The USA almost certainly cannot reprise what happened in Iran. But something approximating Turkey, Poland, or Hungary is a distinct possibility. A Trump-like charismatic figure with ties to the military and slightly better faith-based credentials could certainly reprise General Sisi’s takeover in Egypt while being applauded wildly by both the US Evangelicals and the US cultural conservatives. Plus the America First! crowd. Throw in some white supremacy and it’ll sell like hotcakes.

Not addressed to me, but my answer to this question is it wouldn’t happen for the reasons I gave above. No issue can have 51% of the people on both sides. Our system can create the impression that both sides of an issue have a majority because our system of government muddles things up.

A unitary system clarifies what the public really wants because it gives people what they want. It’s designed so a political party essentially says “This is what we will do if a majority of people votes for us. And if we don’t do it, we will be replaced.”

This is true even when there are multiple issues in consideration. Let’s say the majority of people think abortion is the most important issue and gun control is the second most important issue. And 51% of the people are pro-choice and 51% are pro-guns.

So Party A comes along and announces it supports the legalization of abortions and gun control. Party B says it wants to ban abortions and allow people to buy guns. People like half of each party’s position but the majority feel that abortion is a more important issue than guns. So a majority votes for Party A and they enact laws allowing abortions on demand and banning the sale of guns.

Party B sees this. Or maybe Party C, which had no significant support, sees this. So they adopt a platform of being pro-choice and pro-guns. And because this party is with the majority on both issues rather than just the top issue, Party A loses support to this party. The new party replaces Party A in power. They keep the laws allowing abortions in place but repeal the laws banning guns. Political parties have to move towards where public opinion in order to have political power.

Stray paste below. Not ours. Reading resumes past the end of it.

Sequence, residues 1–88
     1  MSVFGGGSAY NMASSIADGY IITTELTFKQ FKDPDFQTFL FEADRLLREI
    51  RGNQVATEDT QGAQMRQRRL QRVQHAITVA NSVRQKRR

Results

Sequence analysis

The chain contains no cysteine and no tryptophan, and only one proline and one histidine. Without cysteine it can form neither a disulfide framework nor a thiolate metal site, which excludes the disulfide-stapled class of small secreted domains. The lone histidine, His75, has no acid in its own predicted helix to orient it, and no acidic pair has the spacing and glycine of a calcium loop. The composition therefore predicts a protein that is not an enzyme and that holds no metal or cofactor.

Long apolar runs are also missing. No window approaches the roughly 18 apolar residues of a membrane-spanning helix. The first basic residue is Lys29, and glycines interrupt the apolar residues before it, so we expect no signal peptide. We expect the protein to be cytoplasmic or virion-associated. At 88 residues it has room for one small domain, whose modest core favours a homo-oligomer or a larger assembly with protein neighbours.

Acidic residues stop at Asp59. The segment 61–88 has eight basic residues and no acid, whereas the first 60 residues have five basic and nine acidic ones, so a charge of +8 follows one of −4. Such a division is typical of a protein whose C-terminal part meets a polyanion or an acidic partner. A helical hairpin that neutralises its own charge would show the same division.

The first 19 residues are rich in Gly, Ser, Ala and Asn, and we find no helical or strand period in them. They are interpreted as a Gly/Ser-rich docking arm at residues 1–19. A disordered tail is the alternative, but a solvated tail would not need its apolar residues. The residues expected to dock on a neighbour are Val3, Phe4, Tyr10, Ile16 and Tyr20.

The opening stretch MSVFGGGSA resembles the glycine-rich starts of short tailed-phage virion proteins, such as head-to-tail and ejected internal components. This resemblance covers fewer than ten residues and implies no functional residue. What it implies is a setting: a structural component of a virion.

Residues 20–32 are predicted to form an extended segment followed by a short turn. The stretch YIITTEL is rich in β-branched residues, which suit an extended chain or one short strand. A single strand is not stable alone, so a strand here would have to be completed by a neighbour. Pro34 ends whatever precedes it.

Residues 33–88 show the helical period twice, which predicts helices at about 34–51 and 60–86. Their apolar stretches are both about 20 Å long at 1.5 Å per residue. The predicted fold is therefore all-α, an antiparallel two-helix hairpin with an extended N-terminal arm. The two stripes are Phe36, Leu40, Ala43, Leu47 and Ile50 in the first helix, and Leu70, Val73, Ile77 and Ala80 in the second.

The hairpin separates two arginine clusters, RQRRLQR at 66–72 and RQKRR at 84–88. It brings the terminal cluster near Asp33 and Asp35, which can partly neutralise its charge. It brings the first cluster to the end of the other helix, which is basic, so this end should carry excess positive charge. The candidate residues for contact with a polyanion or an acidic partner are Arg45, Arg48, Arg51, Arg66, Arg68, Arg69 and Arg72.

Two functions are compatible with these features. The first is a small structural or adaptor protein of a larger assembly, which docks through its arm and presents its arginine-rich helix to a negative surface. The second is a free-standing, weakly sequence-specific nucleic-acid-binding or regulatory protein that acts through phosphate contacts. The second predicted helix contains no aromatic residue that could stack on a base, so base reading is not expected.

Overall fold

The only way political parties can change their positions and stay in power is if public opinions change on the issues. A majority of people may have thought same-sex marriage was wrong ten years ago, for example, but now feel it should be allowed. But changes in public opinion like this don’t happen in a month and they don’t flip-flop back and forth. You won’t see the majority being pro-life one year, pro-choice the next year, and then going back to being pro-life the year after that. People tend to stay pretty fixed in their opinions on important topics and any changes tend to be very gradual.

I’m not sure whether you should chalk this up to secularization, as opposed to radicalism.

~Max

I mean, yeah. That’s what I’m afraid of - not that people will flip sides between pro-choice and pro-life, but that they will decide some other issue is more important this year, like not reelecting this one guy. That the winning coalition shifts with the public interest, rather than the public’s opinions on specific issues. I have yet to be convinced that a parliamentary system protects against this, but it has been pointed out, this doesn’t seem to be an issue in existing parliaments…

Possibly excepting Brexit. I don’t know the politics behind that debacle.

~Max

It’s very hard to radicalize a contented populace. You need to find something they’re already aggrieved about, then propagandize that up to eleventy.